I don’t know about you but I’ve seen a lot of lists of ‘best lesbian films’ or ‘films about bi women that you must see’ which are (almost) entirely comprised of films about white women. Don’t get me wrong- those films are great- but if we don’t also talk about the films that focus on lesbians and bi women of color, we are missing out on some major talent.
I’ve tried to include where you can (legally) find the film online but if you can contribute additional online sources for these films, please share them in the comments.
Black./Womyn: Conversations with Lesbians of African Descent
Fiona: As an artist, not working in either a corporate environment or an environment where I have to work with other people makes it easier for me to be who I am. I don’t have to say, “oh I have to balance being a woman, with being black, with being queer, with being an immigrant. I’m just all those things all the time.”
This incredible feature length documentary shares the lives and views from various black lesbians on their sexuality, media representation, patriarchy, homophobia, and activism; inspiring honest and progressive conversations and highlighting how black lesbians are viewed, ignored, and affected by society.
Director Tiona McClodden had conversations with almost 50 out, black, lesbians including Filmmaker/Activist Aishah Shahidah Simmons, Hip-Hop Duo KIN, and Author Fiona Zedde.
Set it Off
Cleo: That’s what we need to do, rob a bank.
Stoney: That’s stupid; ain’t nobody over here gonna be robbing no bank.
Cleo: We’re gonna end up dead anyway.
This film centers around Cleopatra ‘Cleo’ Sims (Queen Latifah), and her friends Stoney (Jada Pinkett Smith), Frankie (Vivica A. Fox) and T.T (Kimberly Elise) as they plot to go on a bank-robbing spree for four very different reasons. What starts off as a crazy ‘what if’, quickly escalates into murder.
Will they get caught? Whose life is in danger? Will any of them escape?
I Can’t Think Straight
Layla: Have you ever done this before?
Tala: Slept with a woman while my fiancé makes wedding preparations?
This beautiful film features a Palestinian woman, Tala (Lisa Ray), who is currently on her fourth engagement to a man (for some reason the first three just didn’t stick) when she meets her best friend’s girlfriend and emerging writer Layla (Sheetal Sheth).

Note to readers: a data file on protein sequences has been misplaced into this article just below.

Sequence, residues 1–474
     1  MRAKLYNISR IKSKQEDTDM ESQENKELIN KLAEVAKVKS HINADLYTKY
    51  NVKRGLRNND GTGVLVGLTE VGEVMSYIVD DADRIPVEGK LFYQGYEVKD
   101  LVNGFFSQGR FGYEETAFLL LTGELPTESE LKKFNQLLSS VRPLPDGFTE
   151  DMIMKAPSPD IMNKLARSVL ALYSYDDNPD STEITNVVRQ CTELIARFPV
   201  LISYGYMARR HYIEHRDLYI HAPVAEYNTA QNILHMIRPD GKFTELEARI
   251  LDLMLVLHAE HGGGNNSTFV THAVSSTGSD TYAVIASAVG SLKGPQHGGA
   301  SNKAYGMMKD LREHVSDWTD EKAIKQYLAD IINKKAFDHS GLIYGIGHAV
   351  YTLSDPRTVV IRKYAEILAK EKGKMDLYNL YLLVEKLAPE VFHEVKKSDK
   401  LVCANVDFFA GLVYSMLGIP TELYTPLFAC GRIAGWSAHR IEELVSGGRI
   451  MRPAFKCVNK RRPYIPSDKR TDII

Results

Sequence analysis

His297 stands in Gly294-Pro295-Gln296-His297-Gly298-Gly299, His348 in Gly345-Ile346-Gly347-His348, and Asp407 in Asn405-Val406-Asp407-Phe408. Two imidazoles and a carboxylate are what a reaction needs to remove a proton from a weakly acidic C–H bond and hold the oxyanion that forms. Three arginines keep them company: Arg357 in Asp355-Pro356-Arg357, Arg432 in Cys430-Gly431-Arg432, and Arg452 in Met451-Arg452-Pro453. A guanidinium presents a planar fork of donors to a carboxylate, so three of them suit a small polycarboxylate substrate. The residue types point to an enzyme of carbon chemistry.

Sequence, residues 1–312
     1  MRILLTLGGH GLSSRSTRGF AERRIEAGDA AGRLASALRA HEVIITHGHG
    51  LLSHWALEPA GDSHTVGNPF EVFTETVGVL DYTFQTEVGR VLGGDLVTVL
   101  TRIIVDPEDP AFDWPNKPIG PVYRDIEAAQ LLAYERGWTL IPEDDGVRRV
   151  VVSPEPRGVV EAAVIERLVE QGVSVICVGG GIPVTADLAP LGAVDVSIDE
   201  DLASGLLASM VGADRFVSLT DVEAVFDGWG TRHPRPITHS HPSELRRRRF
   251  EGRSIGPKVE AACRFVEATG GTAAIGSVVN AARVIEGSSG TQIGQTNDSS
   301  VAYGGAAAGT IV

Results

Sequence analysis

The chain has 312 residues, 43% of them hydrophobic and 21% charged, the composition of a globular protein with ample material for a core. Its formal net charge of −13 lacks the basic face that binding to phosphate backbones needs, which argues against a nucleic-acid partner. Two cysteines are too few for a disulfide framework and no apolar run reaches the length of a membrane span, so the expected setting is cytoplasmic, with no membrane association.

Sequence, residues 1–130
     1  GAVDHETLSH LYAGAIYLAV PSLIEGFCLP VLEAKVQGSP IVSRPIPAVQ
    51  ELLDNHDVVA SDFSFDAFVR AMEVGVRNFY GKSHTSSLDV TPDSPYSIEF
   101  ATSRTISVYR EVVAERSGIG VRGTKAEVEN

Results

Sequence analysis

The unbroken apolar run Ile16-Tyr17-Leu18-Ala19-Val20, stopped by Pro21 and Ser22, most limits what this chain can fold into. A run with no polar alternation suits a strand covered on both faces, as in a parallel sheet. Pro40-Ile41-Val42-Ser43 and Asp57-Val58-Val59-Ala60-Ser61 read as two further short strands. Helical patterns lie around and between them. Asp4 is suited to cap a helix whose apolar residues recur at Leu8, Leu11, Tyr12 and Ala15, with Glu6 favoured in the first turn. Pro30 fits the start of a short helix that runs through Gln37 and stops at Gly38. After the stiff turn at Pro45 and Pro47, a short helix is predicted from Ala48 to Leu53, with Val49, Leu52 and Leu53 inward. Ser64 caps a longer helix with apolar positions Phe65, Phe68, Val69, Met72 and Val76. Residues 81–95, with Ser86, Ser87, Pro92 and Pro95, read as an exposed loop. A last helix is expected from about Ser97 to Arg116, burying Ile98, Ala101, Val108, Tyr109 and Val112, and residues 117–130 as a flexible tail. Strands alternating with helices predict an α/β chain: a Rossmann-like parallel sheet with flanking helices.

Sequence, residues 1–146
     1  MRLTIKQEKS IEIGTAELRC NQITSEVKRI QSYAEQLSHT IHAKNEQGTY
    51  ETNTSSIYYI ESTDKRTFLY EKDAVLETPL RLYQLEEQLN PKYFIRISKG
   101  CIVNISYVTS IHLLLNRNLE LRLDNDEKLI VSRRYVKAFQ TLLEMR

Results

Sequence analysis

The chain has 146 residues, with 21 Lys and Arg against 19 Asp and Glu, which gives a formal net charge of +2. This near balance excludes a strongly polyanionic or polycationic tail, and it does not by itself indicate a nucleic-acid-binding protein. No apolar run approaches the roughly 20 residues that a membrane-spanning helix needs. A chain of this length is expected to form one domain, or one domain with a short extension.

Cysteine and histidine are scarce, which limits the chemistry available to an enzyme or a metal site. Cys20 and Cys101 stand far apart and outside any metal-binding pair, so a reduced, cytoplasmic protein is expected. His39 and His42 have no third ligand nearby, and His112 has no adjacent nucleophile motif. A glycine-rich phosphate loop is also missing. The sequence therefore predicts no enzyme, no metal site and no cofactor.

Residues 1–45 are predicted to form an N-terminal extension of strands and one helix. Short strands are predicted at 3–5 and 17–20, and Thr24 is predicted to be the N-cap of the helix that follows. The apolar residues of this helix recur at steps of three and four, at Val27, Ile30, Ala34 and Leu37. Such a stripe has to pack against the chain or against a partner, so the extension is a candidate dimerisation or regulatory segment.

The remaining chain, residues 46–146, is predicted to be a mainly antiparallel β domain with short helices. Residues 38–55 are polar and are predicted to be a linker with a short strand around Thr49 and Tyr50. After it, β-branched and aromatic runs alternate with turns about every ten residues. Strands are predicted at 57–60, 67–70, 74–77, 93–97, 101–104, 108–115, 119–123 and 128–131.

The two begin an affair and Tala begins to question her sexuality (you see what I mean about those past engagements not working out) but Layla ends the relationship after Tala messes up. Will they end up together or will convention force them apart?
Frida (Amazon Prime)
Tina: Whoever takes the biggest swig [of Tequila] can dance with me.
Frida: *swigs* Shall we?
This biopic of bisexual Mexican artist Frida Kahlo (Salma Hayek) explores Frida’s life and loves against the political and cultural backdrop of the early 20th Century. Although much of the movie does focus on her dysfunctional relationship with fellow artist Diego Rivera (Alfred Molina), we do get glimpses of her affairs with lady loves, like Tina (Ashley Judd).
Circumstance (Netflix Canada)
Atefeh: I can’t do this anymore.
Shirin: Nothing has changed. I love you.
This heartbreaking drama tells the story of how hard it is to be LGBT under the Iranian Regime. It’s the story of Atafeh (Nikohl Boosheri), a rich teen, and her girlfriend Shireen (Sarah Kazemy), an orphan, who love partying and experimenting with drink and drugs (despite the fact that Atafeh’s brother Mehran’s (Reza Sixo Safai) is an ex-addict).
As the girls grow closer, Atafeh’s family tries to tear them apart and Mehran becomes increasingly religious and becomes obsessed with Shireen.
This movie is actually based on the experiences of director/writer Maryam Keshavarz who grew up in Iran. Because the film dealt with a lesbian storyline, fake scripts sent to the Lebanese authorities and the actors had to accept that they may not be able to see their families after the release. That’s pretty heartbreaking in itself.